Luke 5:1-11
The Parable of the lost sheep occurs in which of the synoptics?
Matthew 18:10-14 and Luke 15:3-7
Teachings on reproving a brother as well as the teaching on the presence of Jesus are located only in...
Matthew 18:15-20
The Parable of the unforgiving servant appears only in which gospel?
Matthew 18:23-34
The Parable of the laborers in the vineyard occurs in...
Mathew 20:1-16
Jesus' traveling to Capernaum, his teaching there, as well as his healing of a demoniac in this same town occur in which gospel(s)?
Mark 1:21-38 and Luke 4:31-43
Which gospel stresses most the inclusiveness of Jesus' ministry?
Which gospel speaks of Jesus as the "Son of God"?
Beloved Disciple
A phrase used several times in the Gospel of John. It is the Beloved Disciple who asks Jesus during the Last Supper who it is that will betray him. During the crucifixion, Jesus indicates the Beloved Disciple and tells his mother "Woman, here is your son." To the Beloved Disciple he says, "Here is your mother." When Mary Magdalene discovers the empty tomb, she runs to tell the Beloved Disciple and Simon Peter. The Beloved Disciple is the first to reach the empty tomb, but Simon Peter is the first to enter. It is generally thought that the "beloved disciple" refers to the apostle John.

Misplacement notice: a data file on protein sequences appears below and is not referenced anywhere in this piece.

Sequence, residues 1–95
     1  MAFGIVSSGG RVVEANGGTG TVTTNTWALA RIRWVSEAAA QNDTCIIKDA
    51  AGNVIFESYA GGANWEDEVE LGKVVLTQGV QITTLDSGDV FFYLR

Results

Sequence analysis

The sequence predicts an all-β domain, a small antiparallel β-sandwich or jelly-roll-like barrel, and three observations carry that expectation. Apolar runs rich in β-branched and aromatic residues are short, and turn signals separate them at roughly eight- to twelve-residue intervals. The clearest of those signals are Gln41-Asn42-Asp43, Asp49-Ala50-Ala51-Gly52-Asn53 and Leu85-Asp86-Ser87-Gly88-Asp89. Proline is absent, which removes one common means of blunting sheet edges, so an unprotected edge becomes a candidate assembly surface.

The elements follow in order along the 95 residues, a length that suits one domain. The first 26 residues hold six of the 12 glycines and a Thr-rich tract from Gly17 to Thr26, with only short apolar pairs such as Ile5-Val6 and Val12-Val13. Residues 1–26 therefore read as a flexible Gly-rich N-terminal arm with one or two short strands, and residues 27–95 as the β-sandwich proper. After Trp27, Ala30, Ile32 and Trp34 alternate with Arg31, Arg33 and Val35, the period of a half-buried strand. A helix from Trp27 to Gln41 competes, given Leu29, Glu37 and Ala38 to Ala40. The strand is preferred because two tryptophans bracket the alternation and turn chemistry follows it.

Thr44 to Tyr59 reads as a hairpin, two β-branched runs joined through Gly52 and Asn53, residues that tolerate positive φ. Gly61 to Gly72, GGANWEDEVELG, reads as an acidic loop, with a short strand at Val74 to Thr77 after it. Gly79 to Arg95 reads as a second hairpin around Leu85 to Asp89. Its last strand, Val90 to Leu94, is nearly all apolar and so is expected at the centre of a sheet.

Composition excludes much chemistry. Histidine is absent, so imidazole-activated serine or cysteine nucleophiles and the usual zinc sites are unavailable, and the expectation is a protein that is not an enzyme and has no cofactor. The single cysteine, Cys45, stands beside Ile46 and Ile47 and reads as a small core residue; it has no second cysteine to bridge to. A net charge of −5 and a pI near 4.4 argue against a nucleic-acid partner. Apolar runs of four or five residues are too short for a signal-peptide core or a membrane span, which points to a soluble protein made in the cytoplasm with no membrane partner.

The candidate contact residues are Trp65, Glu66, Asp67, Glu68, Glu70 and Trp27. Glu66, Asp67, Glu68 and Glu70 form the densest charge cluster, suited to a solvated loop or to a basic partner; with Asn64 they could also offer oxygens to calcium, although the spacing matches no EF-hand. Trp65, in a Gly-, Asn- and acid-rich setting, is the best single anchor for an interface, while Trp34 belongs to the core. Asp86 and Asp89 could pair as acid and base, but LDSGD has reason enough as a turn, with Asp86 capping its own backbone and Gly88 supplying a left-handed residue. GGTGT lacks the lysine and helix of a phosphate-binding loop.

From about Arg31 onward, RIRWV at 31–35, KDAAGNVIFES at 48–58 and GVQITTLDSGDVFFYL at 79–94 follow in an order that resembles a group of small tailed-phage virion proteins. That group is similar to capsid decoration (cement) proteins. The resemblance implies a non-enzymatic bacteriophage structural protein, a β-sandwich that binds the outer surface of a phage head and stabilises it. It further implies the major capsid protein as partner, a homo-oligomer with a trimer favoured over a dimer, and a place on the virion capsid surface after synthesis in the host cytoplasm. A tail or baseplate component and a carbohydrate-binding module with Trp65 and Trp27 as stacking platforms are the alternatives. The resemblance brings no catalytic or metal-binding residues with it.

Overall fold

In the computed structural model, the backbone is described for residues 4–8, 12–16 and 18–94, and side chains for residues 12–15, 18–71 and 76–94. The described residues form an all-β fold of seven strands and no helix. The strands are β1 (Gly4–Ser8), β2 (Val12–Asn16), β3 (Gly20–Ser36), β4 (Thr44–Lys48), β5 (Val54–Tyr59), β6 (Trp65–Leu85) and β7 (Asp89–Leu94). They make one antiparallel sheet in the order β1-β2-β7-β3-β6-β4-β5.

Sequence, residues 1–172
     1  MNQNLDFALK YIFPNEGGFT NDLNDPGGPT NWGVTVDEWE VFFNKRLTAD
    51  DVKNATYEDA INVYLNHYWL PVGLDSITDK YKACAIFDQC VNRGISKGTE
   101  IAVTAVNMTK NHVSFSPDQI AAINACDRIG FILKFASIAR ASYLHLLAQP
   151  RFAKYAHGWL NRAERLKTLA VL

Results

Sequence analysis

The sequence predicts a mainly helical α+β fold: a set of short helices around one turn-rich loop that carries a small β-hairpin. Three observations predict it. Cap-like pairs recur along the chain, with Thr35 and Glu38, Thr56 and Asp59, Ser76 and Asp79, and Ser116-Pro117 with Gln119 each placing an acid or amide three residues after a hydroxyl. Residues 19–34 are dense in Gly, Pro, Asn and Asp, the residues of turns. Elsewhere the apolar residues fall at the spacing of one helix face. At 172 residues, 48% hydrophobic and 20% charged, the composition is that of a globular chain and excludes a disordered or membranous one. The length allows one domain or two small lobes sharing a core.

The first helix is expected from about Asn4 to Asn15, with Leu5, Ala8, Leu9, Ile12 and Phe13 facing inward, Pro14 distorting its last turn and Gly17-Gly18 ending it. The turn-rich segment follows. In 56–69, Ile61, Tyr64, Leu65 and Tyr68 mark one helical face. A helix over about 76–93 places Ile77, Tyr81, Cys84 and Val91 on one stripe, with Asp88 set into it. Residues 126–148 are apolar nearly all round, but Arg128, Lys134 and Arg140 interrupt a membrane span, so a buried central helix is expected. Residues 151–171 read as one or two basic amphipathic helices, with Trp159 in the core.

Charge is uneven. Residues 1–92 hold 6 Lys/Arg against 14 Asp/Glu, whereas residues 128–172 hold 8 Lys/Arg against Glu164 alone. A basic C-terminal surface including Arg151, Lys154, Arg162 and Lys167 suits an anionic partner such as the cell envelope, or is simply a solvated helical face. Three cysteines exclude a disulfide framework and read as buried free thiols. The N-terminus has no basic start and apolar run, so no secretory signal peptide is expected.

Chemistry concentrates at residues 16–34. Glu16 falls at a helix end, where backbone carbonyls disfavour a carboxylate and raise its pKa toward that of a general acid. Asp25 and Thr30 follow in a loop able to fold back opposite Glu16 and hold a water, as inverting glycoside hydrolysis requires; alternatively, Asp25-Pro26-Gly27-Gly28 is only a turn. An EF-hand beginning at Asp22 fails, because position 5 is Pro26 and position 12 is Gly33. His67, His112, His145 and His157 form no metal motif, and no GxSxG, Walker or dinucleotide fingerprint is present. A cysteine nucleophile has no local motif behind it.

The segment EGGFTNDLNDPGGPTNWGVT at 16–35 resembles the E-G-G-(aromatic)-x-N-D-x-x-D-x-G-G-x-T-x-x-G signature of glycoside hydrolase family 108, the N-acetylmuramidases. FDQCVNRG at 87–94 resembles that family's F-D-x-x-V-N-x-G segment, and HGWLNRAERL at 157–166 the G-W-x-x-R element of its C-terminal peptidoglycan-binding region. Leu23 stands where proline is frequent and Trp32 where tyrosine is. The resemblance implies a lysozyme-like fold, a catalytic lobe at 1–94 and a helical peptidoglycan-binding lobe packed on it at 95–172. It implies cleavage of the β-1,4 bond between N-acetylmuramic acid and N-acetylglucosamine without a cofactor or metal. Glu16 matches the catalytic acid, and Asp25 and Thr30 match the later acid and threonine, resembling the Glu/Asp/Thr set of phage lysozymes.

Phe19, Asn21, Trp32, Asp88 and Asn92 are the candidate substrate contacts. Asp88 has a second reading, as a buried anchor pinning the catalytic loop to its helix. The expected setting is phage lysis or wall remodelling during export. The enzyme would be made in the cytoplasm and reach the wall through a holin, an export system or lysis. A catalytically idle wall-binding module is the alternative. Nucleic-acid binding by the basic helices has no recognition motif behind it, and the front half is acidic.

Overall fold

These two brothers, both of whom became apostles, were the sons of Zebedee.
James and John
The only miracle found in all 4 gospels is...
the feeding of the five thousand.
Adolf Julicher
German biblical scholar who challenged the prevalence of naive allegorical readings of the parables; authored "the parabolic speech of Jesus."
______ is known as the most "Jewish" of the Gospels.
Matthew. It is most likely the case that the author of Matthew was a Jew writing for a Jewish community; hence the emphasis on Jesus as being the "new Moses.
Appollonius of Tyana
A philosopher and Mathematician of Greek origin who is said to have performed an exorcism on boy possessed by demonic forces in 1st century C.E.
Honi the Circle Drawer
a Jewish miracle worker of the first century BCE, who was famous for his ability to successfully pray for rain. On one occasion when God did not answer his prayer, he drew a circle in the dust, stood inside it, and informed God that he would not move until it rained. When it began to drizzle, Honi told God that he was not satisfied and expected more rain; it then began to pour.